After the war, the company renewed its diversification efforts and its construction of new plants, easy to spot because they were built with one wall of wood which could be torn out on short order to allow expansion. The firm was diversifying into new product areas, a move reflected by the name change to Burlington Industries.
Love died in 1962, the year Burlington became the first textile firm to pass the $1 billion mark in sales. Charles F. Myers, Jr. and Henry Rauch assumed the leadership, the first in a line of distinguished executies succeeding the founder.
Burlington has responded swiftly and positively to the changes resulting from the volatility of the textile markets in recent years. The Domestics division was sold to J. P. Stevens and Co., Inc., and Burlington bought C. H. Masland & Sons, a major supplier of molded floor carpets, truck liners and interior trim parts for automobile and truck manufacturers. The company created a specialized military fabrics organization and is developing new proprietary products for protective clothing and equipment. It is a leading producer of glass, rayon, aramid, and carbon fabrics for composites— materials in which fabrics are treated with resins and other substances to obtain high strength-to-weight ratios, used especially by the aerospace industry.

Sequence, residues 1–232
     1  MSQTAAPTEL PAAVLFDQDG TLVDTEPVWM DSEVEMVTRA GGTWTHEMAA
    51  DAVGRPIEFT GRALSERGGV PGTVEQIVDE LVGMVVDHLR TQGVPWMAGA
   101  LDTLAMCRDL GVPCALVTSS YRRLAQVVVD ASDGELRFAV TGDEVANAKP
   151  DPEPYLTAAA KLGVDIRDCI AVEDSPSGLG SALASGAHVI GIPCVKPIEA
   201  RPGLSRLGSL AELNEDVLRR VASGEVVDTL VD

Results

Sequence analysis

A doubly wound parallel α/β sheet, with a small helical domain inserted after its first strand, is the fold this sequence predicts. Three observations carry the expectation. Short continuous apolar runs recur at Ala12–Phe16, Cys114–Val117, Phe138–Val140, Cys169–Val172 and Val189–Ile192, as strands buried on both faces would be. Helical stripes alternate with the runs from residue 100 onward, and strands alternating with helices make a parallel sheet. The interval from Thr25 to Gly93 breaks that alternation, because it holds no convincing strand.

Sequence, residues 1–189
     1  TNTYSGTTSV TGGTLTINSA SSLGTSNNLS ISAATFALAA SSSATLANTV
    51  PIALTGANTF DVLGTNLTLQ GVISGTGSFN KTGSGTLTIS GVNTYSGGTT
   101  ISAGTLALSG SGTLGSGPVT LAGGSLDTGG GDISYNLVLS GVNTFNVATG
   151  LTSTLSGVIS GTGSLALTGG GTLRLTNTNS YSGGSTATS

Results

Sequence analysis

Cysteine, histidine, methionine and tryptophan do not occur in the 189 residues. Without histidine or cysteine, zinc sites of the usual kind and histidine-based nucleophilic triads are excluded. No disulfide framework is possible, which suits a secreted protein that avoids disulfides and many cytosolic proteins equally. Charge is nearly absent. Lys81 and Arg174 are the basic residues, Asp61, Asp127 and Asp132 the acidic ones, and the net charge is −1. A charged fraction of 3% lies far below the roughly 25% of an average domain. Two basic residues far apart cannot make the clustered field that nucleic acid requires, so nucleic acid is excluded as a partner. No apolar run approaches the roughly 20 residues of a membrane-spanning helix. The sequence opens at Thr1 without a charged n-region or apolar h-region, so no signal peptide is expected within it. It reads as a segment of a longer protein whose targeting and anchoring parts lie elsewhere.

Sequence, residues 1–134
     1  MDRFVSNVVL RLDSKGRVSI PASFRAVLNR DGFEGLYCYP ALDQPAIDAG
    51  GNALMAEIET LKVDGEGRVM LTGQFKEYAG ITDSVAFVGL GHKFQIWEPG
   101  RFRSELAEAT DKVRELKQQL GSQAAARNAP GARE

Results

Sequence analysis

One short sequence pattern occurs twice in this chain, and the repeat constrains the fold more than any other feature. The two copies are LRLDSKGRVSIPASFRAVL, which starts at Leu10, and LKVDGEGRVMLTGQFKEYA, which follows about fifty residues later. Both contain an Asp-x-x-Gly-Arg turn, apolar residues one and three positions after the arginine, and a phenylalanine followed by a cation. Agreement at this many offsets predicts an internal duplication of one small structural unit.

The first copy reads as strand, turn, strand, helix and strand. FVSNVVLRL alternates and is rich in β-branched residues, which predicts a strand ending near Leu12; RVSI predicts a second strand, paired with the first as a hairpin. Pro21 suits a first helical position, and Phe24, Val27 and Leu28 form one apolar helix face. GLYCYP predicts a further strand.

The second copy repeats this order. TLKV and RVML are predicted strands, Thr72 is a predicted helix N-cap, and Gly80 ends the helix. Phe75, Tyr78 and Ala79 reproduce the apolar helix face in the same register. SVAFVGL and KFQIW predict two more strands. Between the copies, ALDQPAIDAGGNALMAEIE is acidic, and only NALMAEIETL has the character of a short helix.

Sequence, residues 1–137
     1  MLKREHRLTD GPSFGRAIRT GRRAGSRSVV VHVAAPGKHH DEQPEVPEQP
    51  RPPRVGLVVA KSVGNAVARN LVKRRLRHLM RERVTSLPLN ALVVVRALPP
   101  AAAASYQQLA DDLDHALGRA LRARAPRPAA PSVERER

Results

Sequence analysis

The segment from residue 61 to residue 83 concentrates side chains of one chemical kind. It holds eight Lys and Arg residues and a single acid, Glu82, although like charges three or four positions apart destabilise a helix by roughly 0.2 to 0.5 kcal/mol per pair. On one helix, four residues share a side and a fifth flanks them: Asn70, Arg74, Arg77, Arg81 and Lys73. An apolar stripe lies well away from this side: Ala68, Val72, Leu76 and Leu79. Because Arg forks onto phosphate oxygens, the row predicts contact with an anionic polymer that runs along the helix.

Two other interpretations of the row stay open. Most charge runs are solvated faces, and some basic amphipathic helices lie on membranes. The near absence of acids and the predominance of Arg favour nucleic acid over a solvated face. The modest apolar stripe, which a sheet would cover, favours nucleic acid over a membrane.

Today, Burlington operates 83 plants world-wide—71 in 10 states, 12 in four other countries. Its 43,000 employees turn out this range of products:
- for apparel markets: yarn, greige fabrics; knitted fabrics of polyester and polyester blends; woven fabrics of worsted, worsted blends, cotton, cotton blends, nylon, polyester, polyester blends; denim, corduroy; printed fabrics; fabrics for home sewing.
- for residential and commercial furnishings markets: carpets; rugs; draperies and shades; bedspread ensembles; mattress ticking, upholstery; restaurant table cloths and napkins.
- for industrial markets: woven and non-woven fabrics and carpeting for the automotive, electronics, communications, construction, utilities, aerospace, defense and other industries.
Annual sales in 1986 were $2.8 billion, with net earnings of $56.5 million.